… The consciousness of gratitude—that deep and abiding feeling of aliveness, well-being, serenity and joy—is a singular pleasure that transcends thought and circumstance. It is not a philosophical tenet or a theological doctrine to be debated and honed by rational discourse. It is not just another good idea to set alongside all the others. It is an experience that wells up from the ground of Being beyond the reach of the mind and its conceptual field.

The consciousness of gratitude is not so much a way of thinking as it is a way of being. It is not something we achieve as much as allow. One thing's for sure. When you get one taste, you want more.

On Thanksgiving Day and throughout the holiday season a familiar ritual is repeated all over America. We go around the table and tell each other what we're thankful for. Giving thanks for the things we have is a powerful starting point, but there is an even deeper dimension to gratitude that our earnest pronouncements sometimes obscure. What if the consciousness of gratitude has nothing to do with what we have here in the outer world of forms? What if the consciousness of gratitude comes before, not after, we count our blessings?

Thanksgiving may be a uniquely American holiday, but its spiritual core, the consciousness of gratitude, is truly global.

All of the world's wisdom traditions share the notion that our consciousness is the field out of which the bounty of our lives emerges.

… In unenlightened consciousness, we live perpetually in the future and in the past—anywhere but here and now. Our habitual, conditioned thought stream is characterized by fear and longing. …Our attachment to self-serving portraits of the past and the future imprisons us in the consciousness of scarcity and lack—a far cry from gratitude. It is only by awakening to this now moment that we experience release from the cycle of egoic craving and inevitable dissatisfaction. When we practice acceptance of what is, when we awaken to the infinite formlessness of the now, gratitude seeps up through the gaps between our thoughts like groundwater.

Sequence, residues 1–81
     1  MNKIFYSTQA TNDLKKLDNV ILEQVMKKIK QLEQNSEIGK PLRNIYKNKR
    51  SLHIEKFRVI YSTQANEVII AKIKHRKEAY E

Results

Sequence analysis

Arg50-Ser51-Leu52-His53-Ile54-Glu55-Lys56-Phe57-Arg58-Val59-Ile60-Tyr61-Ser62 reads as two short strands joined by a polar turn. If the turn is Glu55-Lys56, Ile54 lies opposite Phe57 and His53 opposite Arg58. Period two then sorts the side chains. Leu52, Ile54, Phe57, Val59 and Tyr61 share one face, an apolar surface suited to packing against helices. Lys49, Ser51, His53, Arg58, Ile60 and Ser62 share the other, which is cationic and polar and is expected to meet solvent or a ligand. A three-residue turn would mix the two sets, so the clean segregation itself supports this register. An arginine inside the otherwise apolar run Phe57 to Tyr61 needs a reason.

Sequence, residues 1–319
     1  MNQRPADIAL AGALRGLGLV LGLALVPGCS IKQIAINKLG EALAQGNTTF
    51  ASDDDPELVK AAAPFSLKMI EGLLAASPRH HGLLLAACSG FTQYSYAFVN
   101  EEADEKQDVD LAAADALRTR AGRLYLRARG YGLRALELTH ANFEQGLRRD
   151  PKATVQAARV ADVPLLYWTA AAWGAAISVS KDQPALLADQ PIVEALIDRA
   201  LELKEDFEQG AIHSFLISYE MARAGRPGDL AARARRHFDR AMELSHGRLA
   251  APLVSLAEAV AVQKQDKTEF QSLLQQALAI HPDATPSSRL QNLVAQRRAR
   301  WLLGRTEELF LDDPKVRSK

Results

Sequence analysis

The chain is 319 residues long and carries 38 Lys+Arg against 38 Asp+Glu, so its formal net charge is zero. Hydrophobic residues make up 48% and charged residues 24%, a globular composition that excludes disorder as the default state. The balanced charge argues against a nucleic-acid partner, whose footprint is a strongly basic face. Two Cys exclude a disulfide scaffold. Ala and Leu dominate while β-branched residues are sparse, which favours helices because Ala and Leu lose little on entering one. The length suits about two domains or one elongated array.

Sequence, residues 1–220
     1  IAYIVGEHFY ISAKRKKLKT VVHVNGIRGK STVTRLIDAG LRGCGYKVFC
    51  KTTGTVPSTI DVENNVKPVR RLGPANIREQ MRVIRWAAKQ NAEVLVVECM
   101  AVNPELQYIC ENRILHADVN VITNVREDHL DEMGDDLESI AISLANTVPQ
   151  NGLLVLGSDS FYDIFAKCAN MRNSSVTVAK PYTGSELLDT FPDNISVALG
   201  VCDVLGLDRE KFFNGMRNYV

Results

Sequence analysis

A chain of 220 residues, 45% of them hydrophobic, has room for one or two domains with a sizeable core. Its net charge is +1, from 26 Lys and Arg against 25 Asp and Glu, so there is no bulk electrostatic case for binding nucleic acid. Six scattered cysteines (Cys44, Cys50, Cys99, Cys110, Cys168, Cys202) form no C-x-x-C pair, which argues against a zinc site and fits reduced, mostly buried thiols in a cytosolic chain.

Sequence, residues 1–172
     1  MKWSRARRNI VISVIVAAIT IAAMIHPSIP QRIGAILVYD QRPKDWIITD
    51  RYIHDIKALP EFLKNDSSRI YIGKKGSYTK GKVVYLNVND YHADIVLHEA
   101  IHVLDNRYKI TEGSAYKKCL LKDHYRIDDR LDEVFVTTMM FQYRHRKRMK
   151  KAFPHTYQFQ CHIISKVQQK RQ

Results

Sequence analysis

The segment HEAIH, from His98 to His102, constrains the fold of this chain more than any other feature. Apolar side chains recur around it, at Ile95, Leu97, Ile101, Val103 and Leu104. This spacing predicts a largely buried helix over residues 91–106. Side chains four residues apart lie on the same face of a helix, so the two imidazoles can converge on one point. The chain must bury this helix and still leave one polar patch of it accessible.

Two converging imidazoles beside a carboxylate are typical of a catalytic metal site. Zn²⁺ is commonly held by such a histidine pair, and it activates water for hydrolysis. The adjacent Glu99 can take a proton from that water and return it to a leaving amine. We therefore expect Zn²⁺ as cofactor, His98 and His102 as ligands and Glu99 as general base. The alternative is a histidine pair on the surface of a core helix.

… In the 23rd Psalm, King David sings out from the depths of his God-consciousness, “The Lord is my shepherd, I shall not want. He makes me lie down in green pastures; he leads me beside still waters; he restores my soul.” But behind David's resounding manifesto of gratitude is a real-world pragmatism. Life is not a bowl of cherries. There are conflicts. There are challenges. ... David is undaunted. “Surely goodness and mercy shall follow me all the days of my life, and I shall dwell in the house of the Lord my whole life long.” David reminds us that we needn't be free of all problems in order to experience gratitude.

Like David, Jesus speaks of an undaunted intimacy with God. From the depths of his fully realized God-consciousness, he calls us to uncover our own, knowing that only from a lived experience of the inner divine presence can we properly order the details of our outer lives.

… Only in the light of God-consciousness do we experience true abundance and gratitude. … It is within us. It is to be realized through the depths of our own loving, and even through the agony of our mistakes.

… The consciousness of gratitude is logical and rational as well as devotional. And the only way to experience this depth of wisdom is by surrendering—surrendering the ego with its incessant worry, craving and attachment to its own cleverness. ...

We are already one with everything.

There's no need to grasp or cling to any of it. And when we let go, our eyes and our hands and our hearts are filled with an abundance beyond the wildest imaginings of our limited and limiting ego.

   … I know how to do it now. I know how to let go of the worry, the fear, the regret, the frustration. I simply breathe deeply into the core of my being the realization that I am not my thought stream, and beneath the waves of worry and fear lies an infinite sea of Being, and I Am That, and I don't have to be worried or afraid anymore. Everything is as it must be in this moment. … I can slip into the peaceful stillness of the consciousness of gratitude.

This article appeared in Unity Magazine®.


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